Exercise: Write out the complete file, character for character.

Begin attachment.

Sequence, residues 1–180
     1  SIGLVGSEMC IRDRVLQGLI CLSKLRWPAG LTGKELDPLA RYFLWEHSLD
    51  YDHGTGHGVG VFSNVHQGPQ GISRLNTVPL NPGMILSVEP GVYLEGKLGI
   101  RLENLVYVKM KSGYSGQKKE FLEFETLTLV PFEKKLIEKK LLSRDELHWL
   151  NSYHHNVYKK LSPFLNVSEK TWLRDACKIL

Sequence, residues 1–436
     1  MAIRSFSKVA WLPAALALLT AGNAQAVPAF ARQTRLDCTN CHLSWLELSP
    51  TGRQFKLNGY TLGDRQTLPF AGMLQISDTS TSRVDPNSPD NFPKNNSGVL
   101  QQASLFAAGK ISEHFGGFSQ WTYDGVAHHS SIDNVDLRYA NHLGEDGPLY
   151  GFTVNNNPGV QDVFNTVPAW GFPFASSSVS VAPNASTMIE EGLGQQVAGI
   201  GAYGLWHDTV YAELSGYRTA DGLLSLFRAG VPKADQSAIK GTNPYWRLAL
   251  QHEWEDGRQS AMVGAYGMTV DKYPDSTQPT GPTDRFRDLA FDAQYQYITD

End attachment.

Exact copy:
Sequence, residues 1–180
     1  SIGLVGSEMC IRDRVLQGLI CLSKLRWPAG LTGKELDPLA RYFLWEHSLD
    51  YDHGTGHGVG VFSNVHQGPQ GISRLNTVPL NPGMILSVEP GVYLEGKLGI
   101  RLENLVYVKM KSGYSGQKKE FLEFETLTLV PFEKKLIEKK LLSRDELHWL
   151  NSYHHNVYKK LSPFLNVSEK TWLRDACKIL

Sequence, residues 1–436
     1  MAIRSFSKVA WLPAALALLT AGNAQAVPAF ARQTRLDCTN CHLSWLELSP
    51  TGRQFKLNGY TLGDRQTLPF AGMLQISDTS TSRVDPNSPD NFPKNNSGVL
   101  QQASLFAAGK ISEHFGGFSQ WTYDGVAHHS SIDNVDLRYA NHLGEDGPLY
   151  GFTVNNNPGV QDVFNTVPAW GFPFASSSVS VAPNASTMIE EGLGQQVAGI
   201  GAYGLWHDTV YAELSGYRTA DGLLSLFRAG VPKADQSAIK GTNPYWRLAL
   251  QHEWEDGRQS AMVGAYGMTV DKYPDSTQPT GPTDRFRDLA FDAQYQYITD